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The most desolate region of the island, Kau is home to spectacular sights. Mark Twain wrote some of his finest prose here, where macadamia-nut farms, remote green-sand beaches, and tiny communities offer rugged, largely undiscovered beauty. The 50-mi drive from Kailua-Kona to the turn-off for windswept Ka Lae (South Point), where the first Polynesians came ashore as early as AD 750, winds away from the ocean through a surreal moonscape of lava plains and patches of scrub forest. At the end of the 12-mi two-lane to Ka Lae, you can park and hike about an hour to Papakolea Beach (Green Sand Beach). Back on the highway, the coast passes verdant cattle pastures and sheer cliffs and the village of Naalehu on the way to the black-sand beach of Punaluu, a common nesting place of the Hawaiian green sea turtle.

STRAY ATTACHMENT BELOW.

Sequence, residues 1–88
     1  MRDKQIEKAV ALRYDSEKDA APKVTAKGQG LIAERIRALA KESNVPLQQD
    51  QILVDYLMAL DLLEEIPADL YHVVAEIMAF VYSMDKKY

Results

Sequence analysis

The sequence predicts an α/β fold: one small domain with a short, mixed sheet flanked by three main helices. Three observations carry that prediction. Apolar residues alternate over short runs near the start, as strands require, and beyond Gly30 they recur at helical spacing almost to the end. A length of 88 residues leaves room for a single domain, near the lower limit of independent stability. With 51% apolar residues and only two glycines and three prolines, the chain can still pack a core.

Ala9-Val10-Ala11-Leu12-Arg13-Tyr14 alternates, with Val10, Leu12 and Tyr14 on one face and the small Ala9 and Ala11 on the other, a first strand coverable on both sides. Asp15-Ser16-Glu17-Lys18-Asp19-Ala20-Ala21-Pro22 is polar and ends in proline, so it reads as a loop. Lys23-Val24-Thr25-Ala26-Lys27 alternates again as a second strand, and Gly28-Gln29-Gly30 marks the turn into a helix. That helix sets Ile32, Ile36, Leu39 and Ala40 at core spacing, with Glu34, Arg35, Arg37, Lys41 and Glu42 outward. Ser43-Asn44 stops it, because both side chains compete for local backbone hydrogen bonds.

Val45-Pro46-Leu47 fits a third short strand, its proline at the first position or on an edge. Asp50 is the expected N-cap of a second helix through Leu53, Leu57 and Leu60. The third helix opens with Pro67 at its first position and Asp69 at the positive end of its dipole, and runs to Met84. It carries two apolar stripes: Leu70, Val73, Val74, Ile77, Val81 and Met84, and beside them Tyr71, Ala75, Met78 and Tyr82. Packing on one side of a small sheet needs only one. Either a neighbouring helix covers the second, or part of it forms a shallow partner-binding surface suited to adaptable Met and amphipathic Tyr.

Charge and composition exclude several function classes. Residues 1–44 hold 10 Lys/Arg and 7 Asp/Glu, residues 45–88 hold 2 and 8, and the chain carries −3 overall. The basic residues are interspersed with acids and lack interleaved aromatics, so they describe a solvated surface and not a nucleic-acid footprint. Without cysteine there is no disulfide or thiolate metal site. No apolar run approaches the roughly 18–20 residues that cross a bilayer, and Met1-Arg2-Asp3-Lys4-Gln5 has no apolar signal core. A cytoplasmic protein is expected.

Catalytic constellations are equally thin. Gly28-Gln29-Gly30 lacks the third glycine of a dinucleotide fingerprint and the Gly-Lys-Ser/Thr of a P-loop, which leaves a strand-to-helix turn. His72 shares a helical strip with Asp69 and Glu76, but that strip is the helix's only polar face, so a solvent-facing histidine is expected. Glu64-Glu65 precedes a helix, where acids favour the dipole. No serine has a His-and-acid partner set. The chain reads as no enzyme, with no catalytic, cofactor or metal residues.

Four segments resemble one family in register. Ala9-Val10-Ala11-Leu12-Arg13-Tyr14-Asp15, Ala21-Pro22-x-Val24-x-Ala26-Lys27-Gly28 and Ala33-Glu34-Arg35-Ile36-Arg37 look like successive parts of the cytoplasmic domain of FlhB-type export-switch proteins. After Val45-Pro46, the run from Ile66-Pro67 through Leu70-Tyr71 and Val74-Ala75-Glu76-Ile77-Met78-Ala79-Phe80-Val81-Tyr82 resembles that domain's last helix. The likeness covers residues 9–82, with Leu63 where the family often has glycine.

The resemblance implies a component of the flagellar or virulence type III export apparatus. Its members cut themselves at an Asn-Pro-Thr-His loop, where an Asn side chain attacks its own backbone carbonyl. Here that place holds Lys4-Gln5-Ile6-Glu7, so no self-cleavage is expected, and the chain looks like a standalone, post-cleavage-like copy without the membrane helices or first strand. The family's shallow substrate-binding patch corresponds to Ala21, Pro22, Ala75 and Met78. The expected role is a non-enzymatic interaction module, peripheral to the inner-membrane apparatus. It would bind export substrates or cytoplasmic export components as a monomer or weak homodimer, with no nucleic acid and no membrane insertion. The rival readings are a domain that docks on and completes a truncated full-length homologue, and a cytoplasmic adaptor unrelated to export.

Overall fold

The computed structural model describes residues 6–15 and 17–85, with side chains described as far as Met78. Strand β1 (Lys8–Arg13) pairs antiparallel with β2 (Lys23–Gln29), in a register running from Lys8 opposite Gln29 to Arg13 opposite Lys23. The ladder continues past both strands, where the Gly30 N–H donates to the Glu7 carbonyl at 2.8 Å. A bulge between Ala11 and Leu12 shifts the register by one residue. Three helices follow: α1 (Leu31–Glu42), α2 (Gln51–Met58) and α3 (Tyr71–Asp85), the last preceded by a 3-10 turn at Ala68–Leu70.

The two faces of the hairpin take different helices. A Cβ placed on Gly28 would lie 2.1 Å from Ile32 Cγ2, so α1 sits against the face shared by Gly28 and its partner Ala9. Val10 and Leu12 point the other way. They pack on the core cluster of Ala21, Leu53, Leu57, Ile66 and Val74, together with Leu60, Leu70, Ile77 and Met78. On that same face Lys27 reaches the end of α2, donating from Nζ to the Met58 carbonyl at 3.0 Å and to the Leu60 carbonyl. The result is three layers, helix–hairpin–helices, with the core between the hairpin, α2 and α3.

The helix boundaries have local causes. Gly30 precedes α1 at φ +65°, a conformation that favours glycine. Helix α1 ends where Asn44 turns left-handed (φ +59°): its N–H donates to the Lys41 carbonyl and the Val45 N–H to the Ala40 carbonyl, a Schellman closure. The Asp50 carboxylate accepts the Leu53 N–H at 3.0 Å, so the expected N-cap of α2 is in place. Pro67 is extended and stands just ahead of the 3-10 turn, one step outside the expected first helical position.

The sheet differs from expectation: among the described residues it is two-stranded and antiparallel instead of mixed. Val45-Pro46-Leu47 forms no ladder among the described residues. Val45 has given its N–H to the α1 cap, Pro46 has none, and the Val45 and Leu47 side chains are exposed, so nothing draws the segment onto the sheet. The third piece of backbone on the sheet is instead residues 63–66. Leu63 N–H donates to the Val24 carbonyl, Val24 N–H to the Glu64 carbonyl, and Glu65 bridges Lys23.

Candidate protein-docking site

Kau at a Glance
Elsewhere in Big Island
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